Michael Dutchover is ready to erase a bad memory this Sunday
Michael Dutchover didn’t want to see it. Why revive it, he thought? So, it took a few days. Then a few days more. He needed it. A week later, he sat by himself in the dark, picked up the remote, found the on-demand button, and then turned down the sound.
The 22-year-old lightweight from Midland, Texas, relived his fight last September against Thomas Mattice. The fight in which Dutchover (13-1, 10 knockouts) suffered his first professional setback.
Dutchover gets to put some salve on the memory when he takes on Jorge Marron Jr. (18-1, 6 KOs) in an eight-round lightweight fight this on Sunday, July 26, from the Omega Products International Event Center, in Corona, Ca., on the 3.2.1. PPV broadcast, airing live on the Thompson Boxing Promotions website (www.thompsonboxing.com/4:30 p.m. PT / 7:30 p.m. ET).
Dutchover was stopped by Mattice on an eighth-round TKO on cuts in what was a scheduled 10-rounder on Showtime’s ShoBox: The New Generation from the La Hacienda Event Center, in Midland, Texas.
Referee Robert Velez ended it with 1:33 left in the eighth, when Dutchover suffered a gaping cut over his left eye. The ringside physician made the call that Dutchover couldn’t continue, and since Velez ruled the cut was caused by a punch, Mattice was awarded the biggest victory of his career.
The setback ruined what was supposed to be a homecoming for Dutchover, who last fought in his Midland hometown when he was a 16-year-old amateur fighting in the local Golden Gloves.
It took time to absorb what happened.
But Dutchover, who’s co-promoted by Banner Promotions, did what any good young fighter would do, assess what happened. He just needed to find the gumption to sit and do it.
He twisted in his seat, throwing punches in the dark. He knows he’s too good, filled with too much character and too much belief in himself to get thrown back.
“I watched the fight again by myself, and I think this is a good thing what happened to me,” Dutchover said. “I know what I did wrong. My training camp has been great. I plan on looking impressive and doing what I’m expected to do.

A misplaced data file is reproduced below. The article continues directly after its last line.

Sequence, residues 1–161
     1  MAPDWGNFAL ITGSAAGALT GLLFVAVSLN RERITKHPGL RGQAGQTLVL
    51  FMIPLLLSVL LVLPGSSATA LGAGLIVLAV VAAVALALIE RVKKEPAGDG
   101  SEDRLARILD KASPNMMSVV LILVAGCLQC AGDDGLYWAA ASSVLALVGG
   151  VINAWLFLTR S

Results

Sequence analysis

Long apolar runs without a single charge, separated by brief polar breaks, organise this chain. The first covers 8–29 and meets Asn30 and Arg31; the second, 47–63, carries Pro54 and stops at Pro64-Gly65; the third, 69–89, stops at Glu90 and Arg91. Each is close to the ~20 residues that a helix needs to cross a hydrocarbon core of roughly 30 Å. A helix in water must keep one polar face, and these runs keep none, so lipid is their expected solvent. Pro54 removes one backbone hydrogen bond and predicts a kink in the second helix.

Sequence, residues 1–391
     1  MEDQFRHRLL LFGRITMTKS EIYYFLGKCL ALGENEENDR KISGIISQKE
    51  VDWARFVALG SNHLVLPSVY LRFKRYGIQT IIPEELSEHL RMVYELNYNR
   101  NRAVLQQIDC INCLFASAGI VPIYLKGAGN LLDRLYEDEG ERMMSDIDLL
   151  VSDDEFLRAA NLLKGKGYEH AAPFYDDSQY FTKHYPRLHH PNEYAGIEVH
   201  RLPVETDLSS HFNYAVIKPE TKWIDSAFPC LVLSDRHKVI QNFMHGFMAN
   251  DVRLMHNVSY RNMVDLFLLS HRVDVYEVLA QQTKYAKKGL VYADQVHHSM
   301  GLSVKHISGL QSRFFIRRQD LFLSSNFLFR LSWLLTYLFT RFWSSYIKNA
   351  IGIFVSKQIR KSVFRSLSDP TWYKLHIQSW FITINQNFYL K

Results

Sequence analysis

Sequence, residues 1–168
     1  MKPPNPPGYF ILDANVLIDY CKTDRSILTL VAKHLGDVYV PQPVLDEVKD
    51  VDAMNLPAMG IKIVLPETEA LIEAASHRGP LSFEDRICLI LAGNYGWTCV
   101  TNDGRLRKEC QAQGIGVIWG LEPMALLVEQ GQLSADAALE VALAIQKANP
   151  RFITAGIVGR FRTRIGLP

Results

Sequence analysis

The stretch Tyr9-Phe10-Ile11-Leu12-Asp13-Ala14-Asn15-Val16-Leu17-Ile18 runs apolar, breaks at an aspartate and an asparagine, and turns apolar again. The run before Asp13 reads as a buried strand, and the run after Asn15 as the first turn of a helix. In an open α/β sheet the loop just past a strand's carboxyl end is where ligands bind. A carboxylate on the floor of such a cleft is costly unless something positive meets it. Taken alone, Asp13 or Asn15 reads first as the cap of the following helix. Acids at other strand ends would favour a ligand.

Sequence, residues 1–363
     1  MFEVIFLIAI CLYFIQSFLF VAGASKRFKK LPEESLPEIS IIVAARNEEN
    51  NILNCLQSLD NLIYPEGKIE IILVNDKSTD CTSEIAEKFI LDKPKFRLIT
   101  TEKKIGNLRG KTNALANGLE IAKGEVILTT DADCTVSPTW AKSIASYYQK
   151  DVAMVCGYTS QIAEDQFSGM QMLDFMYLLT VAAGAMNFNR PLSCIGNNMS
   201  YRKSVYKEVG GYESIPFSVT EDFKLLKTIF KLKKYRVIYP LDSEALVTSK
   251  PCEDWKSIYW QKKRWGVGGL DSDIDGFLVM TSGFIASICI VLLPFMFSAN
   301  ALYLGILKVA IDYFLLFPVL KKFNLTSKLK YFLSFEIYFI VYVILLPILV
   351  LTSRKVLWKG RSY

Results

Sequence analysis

“But I let the whole thing about being home get to me. I don’t put that loss on anyone but myself. I know it was a technical loss, because of the cut, but I still could have performed better in some spots. I just came out too fast. I was so filled with adrenaline.
“I let it get to me. It’s why I started a little too fast, going for the kill too early and not sticking with my game plan. I learned not to focus on the outside of the ring. I was charged up.”
Too charged up.
Dutchover’s opening onslaught was uncharacteristic.
Mattice knew how to handle it.
“The mind games come into play, and that was the biggest takeaway I took from the Mattice fight, and I’m at a point in my career when these guys aren’t going to go away easy,” Dutchover said. “Mattice had experience and more rounds than me. I should have fought smarter. I made it hard for myself going for the kill. I punched myself out.
“I’ll throw it my bag for my experience book. It will show this time around.”
Dutchover feels his confidence is different this time. He wants to stick to the game plan and listen to his corner.
“In my sparring I’m being patient, letting the shots come to me,” he said. “I’m ready and I’m lucky to be one of the first fights in California. I’m trying to get one more fight, maybe two more before the end of the year.
“What happened in September happened. I can’t change that. I can change what’s ahead.”
Joseph Santoliquito is an award-winning sportswriter who has been working for Ring Magazine/RingTV.com since October 1997 and is the president of the Boxing Writers Association of America. He can be followed on twitter @JSantoliquito.